Monitoring and management: With the advancement of remote monitoring technology, the use of remote-control equipment can already easily achieve operation and maintenance, greatly reducing the number of personnel on site. In terms of management, the decentralized wastewater treatment system has more “visibility” than the centralized system so that local residents can better participate and also promote the public’s water conservation and environmental protection awareness.
Development perspective: Decentralized wastewater treatment infrastructure investment can be made gradually, without being in place at one time. Compared with centralized systems, it is more suitable for rural and townships where infrastructure is still relatively backward in my country.
Source separation: It is difficult for centralized wastewater treatment to achieve wastewater source separation, but decentralized systems are easier to implement.
However, compared to centralized processing, it also has the following disadvantages:
1. The number of sewage plants is larger, and the total operating cost is higher, which makes it difficult to form scale benefits;
2. The total investment of all sewage plants is relatively large;
3. Some sewage plants are located near residential areas, which may result in poor sanitary conditions;
4. Each of the scattered wastewater treatment plants is based on its own operation, which is easy to cause environmental disputes.
Distributed wastewater treatment technology is sustainable due to its in-situ treatment and reasonable resource recycling. This feature will be more and more developed in the future. Although the centralized wastewater treatment system can currently meet the needs of densely populated areas, it is not generally seen from the development trend. The new concept of “future cities” is likely to focus on decentralization.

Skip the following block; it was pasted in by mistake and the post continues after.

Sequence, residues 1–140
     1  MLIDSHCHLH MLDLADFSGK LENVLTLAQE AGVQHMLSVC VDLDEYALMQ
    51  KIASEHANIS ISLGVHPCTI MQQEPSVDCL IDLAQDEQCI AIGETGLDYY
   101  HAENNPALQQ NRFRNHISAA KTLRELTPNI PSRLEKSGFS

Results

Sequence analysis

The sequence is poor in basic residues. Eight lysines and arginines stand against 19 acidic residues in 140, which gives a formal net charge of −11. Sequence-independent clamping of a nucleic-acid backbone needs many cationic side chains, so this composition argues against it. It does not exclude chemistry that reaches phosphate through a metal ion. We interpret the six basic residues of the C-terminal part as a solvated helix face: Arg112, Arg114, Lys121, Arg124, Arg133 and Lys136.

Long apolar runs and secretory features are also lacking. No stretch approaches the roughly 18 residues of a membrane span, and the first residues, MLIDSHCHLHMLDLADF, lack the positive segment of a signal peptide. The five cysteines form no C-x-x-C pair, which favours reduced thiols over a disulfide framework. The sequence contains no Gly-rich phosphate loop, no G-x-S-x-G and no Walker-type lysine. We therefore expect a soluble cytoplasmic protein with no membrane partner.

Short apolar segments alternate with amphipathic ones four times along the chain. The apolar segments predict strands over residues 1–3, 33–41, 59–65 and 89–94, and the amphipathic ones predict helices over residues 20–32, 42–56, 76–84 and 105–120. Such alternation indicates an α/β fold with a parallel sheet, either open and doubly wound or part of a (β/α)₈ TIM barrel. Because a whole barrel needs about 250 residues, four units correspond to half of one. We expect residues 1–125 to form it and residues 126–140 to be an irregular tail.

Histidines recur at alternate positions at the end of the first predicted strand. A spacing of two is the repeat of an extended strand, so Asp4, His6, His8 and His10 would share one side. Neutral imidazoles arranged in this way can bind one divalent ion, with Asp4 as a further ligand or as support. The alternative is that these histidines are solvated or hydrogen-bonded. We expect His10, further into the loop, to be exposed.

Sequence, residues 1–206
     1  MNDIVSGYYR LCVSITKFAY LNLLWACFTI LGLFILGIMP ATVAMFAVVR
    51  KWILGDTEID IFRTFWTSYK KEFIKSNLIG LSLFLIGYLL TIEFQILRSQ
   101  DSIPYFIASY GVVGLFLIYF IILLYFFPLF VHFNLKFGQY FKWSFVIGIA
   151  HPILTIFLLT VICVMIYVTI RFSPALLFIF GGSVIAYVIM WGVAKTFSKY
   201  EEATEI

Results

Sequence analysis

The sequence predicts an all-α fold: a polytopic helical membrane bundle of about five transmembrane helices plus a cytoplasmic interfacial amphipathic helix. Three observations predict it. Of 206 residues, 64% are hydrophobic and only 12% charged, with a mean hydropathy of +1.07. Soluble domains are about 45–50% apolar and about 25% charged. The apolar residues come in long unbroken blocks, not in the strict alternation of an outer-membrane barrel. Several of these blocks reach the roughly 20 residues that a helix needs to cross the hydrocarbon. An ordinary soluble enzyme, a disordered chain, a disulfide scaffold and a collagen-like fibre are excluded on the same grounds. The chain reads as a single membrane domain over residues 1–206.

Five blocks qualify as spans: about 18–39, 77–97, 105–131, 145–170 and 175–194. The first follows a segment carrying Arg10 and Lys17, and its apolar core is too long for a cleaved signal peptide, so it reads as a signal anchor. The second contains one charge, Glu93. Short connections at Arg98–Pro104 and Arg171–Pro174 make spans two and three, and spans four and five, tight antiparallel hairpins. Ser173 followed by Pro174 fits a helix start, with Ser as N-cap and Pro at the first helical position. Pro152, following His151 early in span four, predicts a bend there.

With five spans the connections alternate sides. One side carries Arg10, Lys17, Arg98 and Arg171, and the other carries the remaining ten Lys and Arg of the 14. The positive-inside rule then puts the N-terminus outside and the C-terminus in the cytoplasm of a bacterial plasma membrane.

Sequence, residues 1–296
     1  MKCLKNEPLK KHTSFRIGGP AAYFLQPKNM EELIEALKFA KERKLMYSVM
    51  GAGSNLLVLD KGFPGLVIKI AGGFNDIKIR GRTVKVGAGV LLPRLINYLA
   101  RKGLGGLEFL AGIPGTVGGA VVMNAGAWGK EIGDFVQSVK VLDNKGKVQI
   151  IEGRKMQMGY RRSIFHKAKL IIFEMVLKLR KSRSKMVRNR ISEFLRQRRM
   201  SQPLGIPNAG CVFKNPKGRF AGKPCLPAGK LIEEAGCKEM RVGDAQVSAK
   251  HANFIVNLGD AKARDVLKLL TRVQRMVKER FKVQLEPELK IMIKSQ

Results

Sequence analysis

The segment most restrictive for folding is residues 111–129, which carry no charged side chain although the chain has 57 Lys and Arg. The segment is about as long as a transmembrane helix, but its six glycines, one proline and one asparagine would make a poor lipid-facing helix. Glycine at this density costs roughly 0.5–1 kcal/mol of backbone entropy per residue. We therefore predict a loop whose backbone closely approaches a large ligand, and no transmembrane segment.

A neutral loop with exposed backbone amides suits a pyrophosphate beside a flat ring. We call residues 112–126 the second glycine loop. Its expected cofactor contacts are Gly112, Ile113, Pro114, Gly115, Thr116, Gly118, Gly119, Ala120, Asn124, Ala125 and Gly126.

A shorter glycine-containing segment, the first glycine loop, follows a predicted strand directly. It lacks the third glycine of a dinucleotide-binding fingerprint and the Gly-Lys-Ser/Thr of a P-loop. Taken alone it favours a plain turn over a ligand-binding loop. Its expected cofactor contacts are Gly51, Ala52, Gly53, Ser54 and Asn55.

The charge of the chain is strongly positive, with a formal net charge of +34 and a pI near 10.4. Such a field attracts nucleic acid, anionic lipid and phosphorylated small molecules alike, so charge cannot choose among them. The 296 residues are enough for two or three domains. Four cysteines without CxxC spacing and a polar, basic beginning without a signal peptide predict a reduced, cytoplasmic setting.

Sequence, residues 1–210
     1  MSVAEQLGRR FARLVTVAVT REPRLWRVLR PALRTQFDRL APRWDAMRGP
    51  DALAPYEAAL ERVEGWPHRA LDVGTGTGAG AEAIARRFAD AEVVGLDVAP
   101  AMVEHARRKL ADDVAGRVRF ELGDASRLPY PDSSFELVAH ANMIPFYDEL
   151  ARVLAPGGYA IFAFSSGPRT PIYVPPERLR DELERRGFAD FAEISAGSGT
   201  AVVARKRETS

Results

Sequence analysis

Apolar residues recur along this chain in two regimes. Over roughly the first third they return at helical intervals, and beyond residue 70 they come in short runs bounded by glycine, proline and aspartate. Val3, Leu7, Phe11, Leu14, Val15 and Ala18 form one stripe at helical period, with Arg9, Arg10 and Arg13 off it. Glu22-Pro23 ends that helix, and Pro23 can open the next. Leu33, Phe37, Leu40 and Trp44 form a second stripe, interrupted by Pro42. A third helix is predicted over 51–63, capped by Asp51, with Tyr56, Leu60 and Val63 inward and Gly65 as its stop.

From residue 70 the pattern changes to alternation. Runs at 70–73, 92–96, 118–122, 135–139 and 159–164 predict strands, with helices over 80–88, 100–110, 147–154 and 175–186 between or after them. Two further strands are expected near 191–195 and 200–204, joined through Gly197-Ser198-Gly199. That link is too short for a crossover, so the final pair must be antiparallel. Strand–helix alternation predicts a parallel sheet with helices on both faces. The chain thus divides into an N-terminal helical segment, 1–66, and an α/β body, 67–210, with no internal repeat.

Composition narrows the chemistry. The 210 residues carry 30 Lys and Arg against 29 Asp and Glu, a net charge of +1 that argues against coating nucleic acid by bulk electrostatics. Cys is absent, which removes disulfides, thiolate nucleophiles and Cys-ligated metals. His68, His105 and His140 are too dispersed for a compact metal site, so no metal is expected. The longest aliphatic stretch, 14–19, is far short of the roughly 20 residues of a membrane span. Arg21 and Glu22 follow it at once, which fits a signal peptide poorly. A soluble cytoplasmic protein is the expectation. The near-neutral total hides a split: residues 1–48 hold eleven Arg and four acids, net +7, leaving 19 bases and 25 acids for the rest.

From the perspective of technology research and development, decentralized wastewater treatment systems have been fully recognized, but the transfer of technology to engineering applications is still slightly weak. The “conservative mentality” of managers has become one of the main obstacles to the promotion and application of new technologies.
On the contrary, for areas where wastewater collection facilities are in urgent need of replacement or reconstruction, replacing the decentralized wastewater treatment system is a good opportunity to change the traditional wastewater treatment mode.
However, this does not mean that the centralized wastewater treatment system is completely useless. High-density and dense areas have been served by centralized wastewater treatment plants, and the pipeline network system has been continuously expanded with the development of urbanization.
In these cases, the decentralized system is not a suitable and feasible alternative in short term. The compromise method is to concentrate, decentralize and coexist separately. For residential buildings, commercial complexes and hospitals, the decentralized system can be applied, which is easier to handle.
Russell, R. (2014). Waste not, want not? Evaluating the urban sustainability implications of centralized versus decentralized wastewater treatment in Tijuana, Mexico. Urban Geography, 35(6), 805-821. https://doi.org/10.1080/02723638.2014.917909
BOGUNIEWICZ-ZABŁOCKA, J., & CAPODAGLIO, A. (2017). Sustainable Wastewater Treatment Solutions for Rural Communities’: Public (Centralized) or Individual (On-Site) – Case Study. Economic And Environmental Studies, 17(44), 1103-1119. https://doi.org/10.25167/ees.2017.44.29
Seymour, Z. (2007). Life Cycle Assessment of Decentralized Wastewater Systems and its Comparison to Centralized Wastewater Systems. Proceedings Of The Water Environment Federation, 2007(18), 1084-1107. https://doi.org/10.2175/193864707787452787